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New Forsyth Peer Court offers alternative sentencing for teens
Chance to mitigate some first offenses

The Buzz: Week 11

By: Joshua Sutton

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CUMMING — If the goal for someone facing charges in court is to be judged by a jury of their peers, what happens when that person is a teenager? Are adults peers to high school students?

Forsyth County Juvenile Court staff members didn’t think so. And that thought culminated in Monday night’s mock trial to showcase the training 14 teens have completed to create the county’s first Peer Court.

The court will be a diversion program that provides an avenue to handle first-offense matters through education while promoting accountability.

“For lower-level, first-time offenses, we’ve decriminalized some charges,” said Chief Juvenile Court Judge Russell Jackson.

In some cases, he said, keeping kids out of detention centers and the justice system can reap more benefits than simply punishing them for wrongdoing.

Students who go through it — the first real session will be on April 15 — must be deemed fit by Juvenile Court, said Jessica Stowe, the new program’s coordinator.

They will be first-time offenders of non-violent crimes. Two examples were played out on Monday: a girl who stole an unaccompanied cell phone and a boy charged for possession of marijuana on school property.

In Monday’s mock trial, both admitted to their charges and appeared remorseful.

Peers advocated for the defendant — they are called respondents here — and for the “community.” Sentences by the student-jury included community service and probation, with expunged charges upon completion. That is instead of being charged with jail time and a permanent mark on their records.

The jury also has the option to sentence the respondent to jury duty, allowing him or her to experience the other side of the system.

Stowe said she hopes she sees respondents become part of the court after receiving positive reinforcement from the role models embodied by their peer jury.

The first group of volunteers represents all five Forsyth County public high schools, two middle schools [eighth grade] and a high school in Gainesville.

Nine adult volunteers — five local lawyers and four Georgia State University law students — gave the group advice on courtroom procedure, including how to interview a witness and how to represent an objective jury.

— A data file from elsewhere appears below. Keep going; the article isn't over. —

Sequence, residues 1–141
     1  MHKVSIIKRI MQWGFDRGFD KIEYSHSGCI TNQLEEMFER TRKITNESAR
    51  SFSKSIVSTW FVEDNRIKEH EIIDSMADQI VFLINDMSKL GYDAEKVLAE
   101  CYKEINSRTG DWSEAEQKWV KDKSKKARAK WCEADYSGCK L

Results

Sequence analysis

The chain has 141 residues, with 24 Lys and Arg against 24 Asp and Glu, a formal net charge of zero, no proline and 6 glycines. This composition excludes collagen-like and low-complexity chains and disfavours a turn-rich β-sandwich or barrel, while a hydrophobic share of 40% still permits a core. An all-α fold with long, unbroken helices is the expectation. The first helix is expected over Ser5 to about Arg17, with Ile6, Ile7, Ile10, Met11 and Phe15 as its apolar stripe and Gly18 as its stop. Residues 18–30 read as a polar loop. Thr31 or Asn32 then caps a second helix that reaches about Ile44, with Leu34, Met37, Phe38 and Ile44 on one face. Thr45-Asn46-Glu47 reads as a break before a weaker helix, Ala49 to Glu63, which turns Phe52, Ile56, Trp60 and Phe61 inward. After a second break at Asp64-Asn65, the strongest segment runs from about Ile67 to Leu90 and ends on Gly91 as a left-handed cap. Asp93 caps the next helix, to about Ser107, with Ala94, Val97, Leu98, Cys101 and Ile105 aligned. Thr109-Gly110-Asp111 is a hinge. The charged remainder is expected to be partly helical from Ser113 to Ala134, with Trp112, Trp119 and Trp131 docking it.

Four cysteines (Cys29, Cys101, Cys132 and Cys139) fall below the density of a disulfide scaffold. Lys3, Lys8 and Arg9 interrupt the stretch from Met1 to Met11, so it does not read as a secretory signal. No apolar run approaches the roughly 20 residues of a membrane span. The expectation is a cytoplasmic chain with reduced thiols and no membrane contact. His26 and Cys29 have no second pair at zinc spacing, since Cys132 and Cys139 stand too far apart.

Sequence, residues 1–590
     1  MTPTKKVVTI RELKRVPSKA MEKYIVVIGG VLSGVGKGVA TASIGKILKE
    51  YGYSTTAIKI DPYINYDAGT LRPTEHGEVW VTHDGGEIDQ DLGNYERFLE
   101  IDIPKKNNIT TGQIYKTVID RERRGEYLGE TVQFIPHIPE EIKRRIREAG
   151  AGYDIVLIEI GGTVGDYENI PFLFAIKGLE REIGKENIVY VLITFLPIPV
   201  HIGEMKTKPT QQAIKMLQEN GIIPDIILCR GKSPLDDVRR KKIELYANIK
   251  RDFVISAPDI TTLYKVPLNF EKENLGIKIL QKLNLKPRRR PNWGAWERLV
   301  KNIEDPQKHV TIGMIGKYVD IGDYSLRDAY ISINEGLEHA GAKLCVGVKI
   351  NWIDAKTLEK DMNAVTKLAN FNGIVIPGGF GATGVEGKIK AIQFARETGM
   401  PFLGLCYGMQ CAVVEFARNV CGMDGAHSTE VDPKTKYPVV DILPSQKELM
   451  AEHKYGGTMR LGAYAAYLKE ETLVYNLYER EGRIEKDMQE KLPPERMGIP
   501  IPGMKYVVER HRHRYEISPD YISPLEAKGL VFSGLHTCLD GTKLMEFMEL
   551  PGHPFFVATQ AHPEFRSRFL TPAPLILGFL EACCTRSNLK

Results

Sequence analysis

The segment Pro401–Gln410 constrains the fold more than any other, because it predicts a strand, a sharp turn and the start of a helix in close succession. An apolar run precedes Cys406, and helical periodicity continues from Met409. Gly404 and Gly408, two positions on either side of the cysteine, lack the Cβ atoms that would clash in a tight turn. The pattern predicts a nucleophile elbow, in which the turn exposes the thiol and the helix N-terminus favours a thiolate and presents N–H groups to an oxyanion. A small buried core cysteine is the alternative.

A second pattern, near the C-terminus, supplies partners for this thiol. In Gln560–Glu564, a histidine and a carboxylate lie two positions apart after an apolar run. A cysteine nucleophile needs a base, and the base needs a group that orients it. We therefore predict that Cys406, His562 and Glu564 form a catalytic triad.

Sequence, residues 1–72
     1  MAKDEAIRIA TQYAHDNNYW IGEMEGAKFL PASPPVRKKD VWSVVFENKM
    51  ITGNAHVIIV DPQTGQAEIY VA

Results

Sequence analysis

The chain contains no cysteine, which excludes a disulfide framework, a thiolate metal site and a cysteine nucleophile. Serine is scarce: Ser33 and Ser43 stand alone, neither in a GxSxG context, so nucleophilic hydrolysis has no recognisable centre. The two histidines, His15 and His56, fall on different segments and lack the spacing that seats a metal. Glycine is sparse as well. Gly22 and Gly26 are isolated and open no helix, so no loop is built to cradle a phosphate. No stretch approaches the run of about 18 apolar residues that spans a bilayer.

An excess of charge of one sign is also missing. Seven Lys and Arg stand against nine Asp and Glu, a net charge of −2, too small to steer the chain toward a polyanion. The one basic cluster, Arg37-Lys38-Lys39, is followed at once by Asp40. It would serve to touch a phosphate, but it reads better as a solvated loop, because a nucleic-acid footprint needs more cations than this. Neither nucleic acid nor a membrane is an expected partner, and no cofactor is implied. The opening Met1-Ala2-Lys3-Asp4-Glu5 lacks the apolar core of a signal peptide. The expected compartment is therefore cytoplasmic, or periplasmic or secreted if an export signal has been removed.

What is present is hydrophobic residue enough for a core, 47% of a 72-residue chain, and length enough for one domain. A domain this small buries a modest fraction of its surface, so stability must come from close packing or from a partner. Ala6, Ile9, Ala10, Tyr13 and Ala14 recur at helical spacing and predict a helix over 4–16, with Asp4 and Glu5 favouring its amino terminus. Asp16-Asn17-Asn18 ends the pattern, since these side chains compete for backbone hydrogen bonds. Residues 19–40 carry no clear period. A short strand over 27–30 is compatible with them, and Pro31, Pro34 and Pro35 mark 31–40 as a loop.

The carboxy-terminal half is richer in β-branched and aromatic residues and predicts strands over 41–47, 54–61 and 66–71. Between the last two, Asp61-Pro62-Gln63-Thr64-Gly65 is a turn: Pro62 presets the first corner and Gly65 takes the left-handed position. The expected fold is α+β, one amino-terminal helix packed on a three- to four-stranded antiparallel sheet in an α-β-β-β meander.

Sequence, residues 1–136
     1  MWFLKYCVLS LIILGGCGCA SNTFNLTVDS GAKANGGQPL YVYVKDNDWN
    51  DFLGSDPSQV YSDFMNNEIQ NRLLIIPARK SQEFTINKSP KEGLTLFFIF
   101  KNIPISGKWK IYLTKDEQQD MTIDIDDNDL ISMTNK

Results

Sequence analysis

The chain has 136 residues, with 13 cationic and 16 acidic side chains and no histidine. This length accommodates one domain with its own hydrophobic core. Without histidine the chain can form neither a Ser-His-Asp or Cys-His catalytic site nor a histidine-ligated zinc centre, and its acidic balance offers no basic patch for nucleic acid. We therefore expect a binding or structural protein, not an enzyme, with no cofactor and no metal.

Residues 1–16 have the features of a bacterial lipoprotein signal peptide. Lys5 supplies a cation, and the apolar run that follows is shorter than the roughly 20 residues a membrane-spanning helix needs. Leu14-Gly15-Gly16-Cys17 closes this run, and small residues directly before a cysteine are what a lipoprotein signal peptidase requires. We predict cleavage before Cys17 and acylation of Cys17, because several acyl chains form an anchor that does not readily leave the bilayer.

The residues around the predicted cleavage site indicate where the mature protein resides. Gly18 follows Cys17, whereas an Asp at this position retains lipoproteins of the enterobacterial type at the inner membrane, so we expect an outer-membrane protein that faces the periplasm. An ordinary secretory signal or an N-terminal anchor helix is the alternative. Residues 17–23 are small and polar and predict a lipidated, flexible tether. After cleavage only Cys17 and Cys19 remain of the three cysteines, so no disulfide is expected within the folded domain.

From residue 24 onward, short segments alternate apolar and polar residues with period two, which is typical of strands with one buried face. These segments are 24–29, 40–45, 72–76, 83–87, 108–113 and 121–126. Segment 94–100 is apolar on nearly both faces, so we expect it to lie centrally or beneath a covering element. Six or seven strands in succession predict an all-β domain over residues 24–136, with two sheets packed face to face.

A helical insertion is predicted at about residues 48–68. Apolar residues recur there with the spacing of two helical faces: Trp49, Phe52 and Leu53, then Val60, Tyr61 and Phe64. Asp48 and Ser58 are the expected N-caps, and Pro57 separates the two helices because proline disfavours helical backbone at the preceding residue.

Forsyth’s Peer Court follows an all-youth model, said Emily Boness, public service assistant for the J.W. Fanning Institute for Leadership Development, a unit of Public Service and Outreach at the University of Georgia. Student volunteers take on every role in a court setting, including judge and jury.

Some models across the state use an adult judge, Boness said. She is the program coordinator for the peer court in Athens — an all-youth model — and provided technical assistance and training for Forsyth’s court.

The Forsyth County Peer Court Program is the sixth of its kind in Georgia. The court in Athens has been running for three years, and there are programs in Fulton and DeKalb counties.

“It benefits the youth involved, both the youth [volunteers] because it provides them with leadership opportunities and to serve their community,” Boness said. “And it benefits the respondents to have their sentences decided in a fair and transparent way by their peers. And it benefits the [Juvenile] Court to free up the court’s resources to deal with more pressing issues.”

Recent changes in the state juvenile code caused the number of caseloads to “increase dramatically,” some types by 37-40 percent, according to Rebecca Rusk, Juvenile Court administrator and chief clerk.

“The state wants the community to get involved in our youth,” Rusk said, “and this puts the burden back on the community.”

Rusk initiated the diversion program by applying for a sub-grant from the U.S. Department of Justice’s Office of Juvenile Justice and Delinquency Prevention. It is administered through the Georgia Criminal Justice Coordinating Committee, the organization that also funds the county’s Drug Court.

The goal is to hold teenagers who are good people accountable for their mistake instead of just administering a punishment.

“It puts positive role models out into the community,” Rusk said. “I’ve been wanting to do this for so long.”